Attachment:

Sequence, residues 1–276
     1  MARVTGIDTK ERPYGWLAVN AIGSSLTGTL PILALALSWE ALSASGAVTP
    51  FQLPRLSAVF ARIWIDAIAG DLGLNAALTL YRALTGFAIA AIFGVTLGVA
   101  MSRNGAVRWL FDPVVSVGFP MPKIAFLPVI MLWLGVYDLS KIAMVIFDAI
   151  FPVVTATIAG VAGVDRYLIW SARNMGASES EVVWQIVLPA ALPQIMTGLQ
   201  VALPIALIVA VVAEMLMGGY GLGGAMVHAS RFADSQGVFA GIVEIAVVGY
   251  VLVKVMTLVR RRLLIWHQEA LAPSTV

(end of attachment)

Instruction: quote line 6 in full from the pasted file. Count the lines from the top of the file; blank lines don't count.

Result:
   201  VALPIALIVA VVAEMLMGGY GLGGAMVHAS RFADSQGVFA GIVEIAVVGY